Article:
UPDATE: IB/OB 33 resuming regular service along 18th btwn Church and Dolores. https://t.co/25ZUeSeoqv (More: 13 in last 48 hours)

Bringing Back Muni Better

Tuesday, April 20, 2021

Much of Muni service has already been restored since the pandemic-related service reductions at the beginning of the crisis, thanks to the dedication of SFMTA staff. As San Francisco emerges from the pandemic, we continue to increase service by focusing on maximizing citywide Muni access while providing high frequency on the city’s busiest routes.

Photo of J Church streetcar arriving northbound at the platform before Market Street

The J Church returned as a surface route from Balboa Park to Duboce Avenue in December 2020

Since January 23, 91% of San Franciscans are within 2-3 blocks of a Muni stop. And this includes 100% of residents in San Francisco’s neighborhoods identified in the Muni Service Equity Strategy.

On May 15, Muni Metro service will be restored in the subway, providing subway service at all stations from Embarcadero to West Portal. The K Ingleside and the T Third will once again be “interlined,” operating as one route from Balboa Park to Sunnydale. The N Judah is also returning to rail service, giving customers more room and fewer pass ups, as the two-car train increases the N Judah’s capacity. F Market & Wharves service will return 7 days a week, 11 a.m. to 7 p.m. And, a hilltop gap will be closed between Forest Hill and Glen Park with the temporary 36-52 Special Shuttle bus.

SFMTA staff are working hard and fast to overcome constraints to restoring service, and we expect to be able to expand service so that 98% of San Franciscans will be within 2-3 block of a Muni stop by the end of the summer. Here’s how.

Map showing 98% of San Francisco shaded in where there is service within 2-3 blocks

As of January 23, 2021, 91% of San Franciscans are within 2-3 blocks of a Muni stop. We expect 98% of San Franciscans to have this access by the end of summer.

Vehicle Capacity and Availability Limits

As public health officials monitor San Francisco’s decreasing COVID-19 case numbers and increasing COVID-19 vaccination rates, we are working closely with the Department of Public Health to determine when distancing restrictions should be lessened, allowing more customers on each bus and train.

When distancing requirements are no longer needed, each Muni bus and train will be able to carry up to three times more customers comfortably. We will also return to industry standards of cleaning vehicles at the end of the day and stop our pandemic practice of returning a vehicle at the end of each operator’s shift for sanitization that currently limits vehicle availability.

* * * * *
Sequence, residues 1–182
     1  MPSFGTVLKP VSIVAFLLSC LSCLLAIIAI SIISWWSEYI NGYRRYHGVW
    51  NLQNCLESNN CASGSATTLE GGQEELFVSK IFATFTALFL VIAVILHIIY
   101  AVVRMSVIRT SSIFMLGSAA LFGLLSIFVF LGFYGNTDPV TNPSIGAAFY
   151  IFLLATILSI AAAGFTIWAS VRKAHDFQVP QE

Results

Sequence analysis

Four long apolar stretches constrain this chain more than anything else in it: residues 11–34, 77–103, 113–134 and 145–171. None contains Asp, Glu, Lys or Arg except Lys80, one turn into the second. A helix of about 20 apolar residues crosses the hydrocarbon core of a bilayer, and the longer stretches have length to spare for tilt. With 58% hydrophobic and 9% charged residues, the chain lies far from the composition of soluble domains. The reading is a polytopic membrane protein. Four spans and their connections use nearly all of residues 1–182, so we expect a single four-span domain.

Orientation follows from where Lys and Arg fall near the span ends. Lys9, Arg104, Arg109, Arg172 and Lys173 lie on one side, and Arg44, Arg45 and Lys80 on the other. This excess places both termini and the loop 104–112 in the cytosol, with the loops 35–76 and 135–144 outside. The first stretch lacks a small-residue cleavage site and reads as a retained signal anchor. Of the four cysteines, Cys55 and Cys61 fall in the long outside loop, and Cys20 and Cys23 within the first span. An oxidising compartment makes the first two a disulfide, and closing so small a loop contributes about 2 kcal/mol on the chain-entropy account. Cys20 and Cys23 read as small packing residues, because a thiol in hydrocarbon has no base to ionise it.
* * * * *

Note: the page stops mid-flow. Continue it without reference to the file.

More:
Additionally, buses are currently substituting for Muni Metro lines while work on the first part of the Subway Renewal Program is completed, that is further reducing vehicle availability. The SFMTA maintenance, engineering and technology teams have worked hard over the last 10 months to ensure that the subway will open up with better reliability, as well as important customer facing amenities such as Wi-Fi and new station signage at Church and Castro. In May, the bus substitution will not be needed on the N Judah and K Ingleside lines and can then be used on other routes.

Muni Staffing and Funding

Also, essential to providing great Muni service is retaining staff talent. Due to a 15% vacancy rate pre-pandemic across the agency and very limited hiring over the past year, we have vacancies in many service critical positions from mechanics to supervisors. Before we can restore more service, we need to conduct exams, hire and train. Additionally, a high wave of June retirements is expected due to a reduced number of retirements during the pandemic. Since we are expecting a challenging summer due to high promotions and attrition, we are restoring Muni service with a schedule that can be filled 100% with available operators without gaps going forward. We want to make sure that as we start up service, we can sustain it long term.

In the short term, with ridership expected to take several years to reach pre-pandemic levels, we will be able to meet the city’s transit needs without over-extending our resources. However, I am confident that if we bring back Muni service that is reliable and convenient, demand will return stronger than ever.

Thanks to our diligent teams, we are making cost efficient improvements to Muni service. SFMTA staff looked closely where we had vulnerabilities and talked openly about how to learn from past mistakes. Union leadership has fought tirelessly for the needs of their team members and show up every day to solve tough problems. From headway management to installing temporary emergency transit lanes, we are creating an enhanced customer experience that will foster financial sustainability for the long term.

While we are on our way to increasing service, getting Muni back to 100% of pre-pandemic service — not to mention any increases—requires more sustained funding. Even before the pandemic, the agency had seen declining revenues from parking fees and transit fares. Now, with ridership slow to return to past levels and tax revenues down, our future is even less clear. One-time federal funding has saved the SFMTA from devastating cuts and layoffs, but this one-time funding runs out in 2023 and doesn’t solve the long-term funding challenge.

The SFMTA is exploring several options including revenue measures to secure our future. And while we plan to passionately pursue expanded funding, we will not expand service beyond what we can sustain with ongoing revenue to protect jobs and prevent future layoffs.

Muni is more than a transit system—it's a core part of our community and fabric of our city.  Our staff is committed to keeping San Francisco moving and is working hard to bring Muni service back better than ever.